Hot answers tagged

4

If it's your first time, better off try with a simulator to check that your program doesn't break the robot's constraints or security configurations. The most powerful simulator I came across is "V-REP", which is free for educational purposes. V-REP is the Swiss army knife among robot simulators: you won't find a simulator with more functions, features,...


2

Kuka robots have the axis positive and negative side clearly marked on them. Use these to define the orientations of the Z-axes assigned to the joints. With other words, try to reverse engineer the DH parameters used by Kuka. Only this way can you corelate your DH table with the kuka axis orientations. If the axis moves in the wrong direction it means that ...


2

If you are working with windows then for KUKA programs you can use the (OrangeEdit), check it in this website, OrangeEdit Beta. It is free and it enables you to view and edit all the .src and .dat files and more. As for the robot program itself, usually you can save it in a USB key, to do so you just log into the KCP of the robot as administrator (default ...


1

Debugging this situation can be done pretty easily - or at least you can easily narrow down the possible problems. First, plug the joint angles you received from your inverse kinematics algorithm into your forward kinematics equations. Do they provide the same end effector coordinates that you entered into your inverse kinematics routine? If not, ...


1

If Kuka does not specify the damping ratio, then on remaining option is determining it experimentally. You can excite the structure (e.g. with an excitation hammer) and measure the vibration response (e.g. using accelerometers). Please note that you might need to measure in different poses to compute damping for different joint and to see sensibility to ...


1

There is the official option which you can by from Kuka. It is called Kuka Office. I am not sure about variable suggestions, but this can be used for debugging. There is also orange edit (currently in free beta) which many Kuka programmers use. This does have variable suggestions and also suggestions for methods/variables available in the Kuka language. ...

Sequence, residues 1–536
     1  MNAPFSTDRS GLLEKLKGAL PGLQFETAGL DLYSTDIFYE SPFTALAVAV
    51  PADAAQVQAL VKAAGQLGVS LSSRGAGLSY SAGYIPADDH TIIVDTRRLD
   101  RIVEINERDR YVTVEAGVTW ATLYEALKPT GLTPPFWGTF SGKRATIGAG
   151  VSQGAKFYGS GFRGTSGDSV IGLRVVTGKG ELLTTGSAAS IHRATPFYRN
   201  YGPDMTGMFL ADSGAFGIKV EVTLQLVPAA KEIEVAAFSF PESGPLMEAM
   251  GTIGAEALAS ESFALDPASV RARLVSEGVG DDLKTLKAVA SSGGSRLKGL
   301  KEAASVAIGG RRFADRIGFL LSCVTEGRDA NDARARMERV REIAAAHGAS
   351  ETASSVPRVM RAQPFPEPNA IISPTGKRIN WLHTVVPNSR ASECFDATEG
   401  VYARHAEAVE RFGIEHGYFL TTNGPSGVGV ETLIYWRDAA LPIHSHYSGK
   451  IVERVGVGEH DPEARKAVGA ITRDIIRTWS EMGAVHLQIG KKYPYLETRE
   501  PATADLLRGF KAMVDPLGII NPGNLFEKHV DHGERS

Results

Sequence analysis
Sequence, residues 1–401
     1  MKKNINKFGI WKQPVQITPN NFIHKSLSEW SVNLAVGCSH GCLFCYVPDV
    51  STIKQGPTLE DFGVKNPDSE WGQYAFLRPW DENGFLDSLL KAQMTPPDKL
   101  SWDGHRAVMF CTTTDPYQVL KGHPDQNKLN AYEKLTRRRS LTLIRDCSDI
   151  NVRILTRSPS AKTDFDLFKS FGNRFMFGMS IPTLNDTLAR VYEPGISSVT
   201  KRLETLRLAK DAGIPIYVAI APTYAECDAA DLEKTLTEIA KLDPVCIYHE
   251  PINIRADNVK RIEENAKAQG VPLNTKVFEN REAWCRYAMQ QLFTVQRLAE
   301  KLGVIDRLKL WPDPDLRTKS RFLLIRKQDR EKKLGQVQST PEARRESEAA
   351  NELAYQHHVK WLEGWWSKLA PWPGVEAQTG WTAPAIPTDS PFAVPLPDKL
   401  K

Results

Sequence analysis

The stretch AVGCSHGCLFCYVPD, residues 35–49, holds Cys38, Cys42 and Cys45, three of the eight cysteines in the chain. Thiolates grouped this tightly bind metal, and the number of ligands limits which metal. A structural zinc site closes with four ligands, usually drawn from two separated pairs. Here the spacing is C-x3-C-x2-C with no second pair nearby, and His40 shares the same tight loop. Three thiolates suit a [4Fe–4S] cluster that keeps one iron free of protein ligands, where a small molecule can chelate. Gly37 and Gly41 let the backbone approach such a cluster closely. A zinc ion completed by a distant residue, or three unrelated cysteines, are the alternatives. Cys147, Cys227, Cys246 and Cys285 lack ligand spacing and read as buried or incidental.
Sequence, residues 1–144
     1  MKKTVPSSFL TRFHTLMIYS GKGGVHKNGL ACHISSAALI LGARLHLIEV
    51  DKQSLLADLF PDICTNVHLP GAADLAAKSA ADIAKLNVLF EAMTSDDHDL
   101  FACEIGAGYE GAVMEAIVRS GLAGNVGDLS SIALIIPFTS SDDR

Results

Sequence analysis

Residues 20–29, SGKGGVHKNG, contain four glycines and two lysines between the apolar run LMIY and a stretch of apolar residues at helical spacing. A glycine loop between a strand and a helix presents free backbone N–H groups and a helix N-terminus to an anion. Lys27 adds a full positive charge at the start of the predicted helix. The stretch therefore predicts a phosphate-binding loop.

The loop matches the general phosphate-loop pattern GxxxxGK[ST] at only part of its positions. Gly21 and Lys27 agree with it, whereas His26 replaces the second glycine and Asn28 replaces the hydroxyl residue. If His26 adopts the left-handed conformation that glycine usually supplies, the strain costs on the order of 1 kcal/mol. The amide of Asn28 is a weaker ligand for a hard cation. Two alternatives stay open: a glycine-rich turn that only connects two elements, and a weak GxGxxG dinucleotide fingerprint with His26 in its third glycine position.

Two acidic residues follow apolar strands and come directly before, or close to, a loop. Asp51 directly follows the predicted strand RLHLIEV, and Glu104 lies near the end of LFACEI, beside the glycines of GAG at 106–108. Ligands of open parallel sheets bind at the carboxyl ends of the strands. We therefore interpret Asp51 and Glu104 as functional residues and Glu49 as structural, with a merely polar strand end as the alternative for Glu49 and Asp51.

1

The Kuka KRC4 Controller can be programmed using the KRL language. This official Kuka manual gives a good introduction to both basics of hardware and software. KRL is a high level programming language which runs on a mixed Windows-VxWorks environment.


1

This is a limitation of DH notation. Axis rotation follows the right-convention about the z-axis. For the first joint you are stuck with rotation about the world z-axis, hence your problem. For the Robotics Toolbox joint rotation all follow the right-hand convention. You could multiply your joint angle vector by a vector of rotation directions dir = [-1 ...


1

I assume you are working with a KRC4 or KRC2 controller since you have mentioned OrangeEdit. In order give your robot motion reference values you will need a technology packet called RSI Interface. This allows you to transmit ethernet packets to the controller and give new motion references with a 12 ms cylcetime. All you have to do is generate the ...


1

In school (about 8 years ago) I did some work with a Kuka KR 5 sixx robot arm. I remember there being 2 different APIs. One was pretty high-level and you could specify joint configurations, waypoints, etc. through XML over TCP at some slow rate (maybe 10 Hz). They also provided a more powerful low-level interface, but I forget the specifics of that. I ...


Only top voted, non community-wiki answers of a minimum length are eligible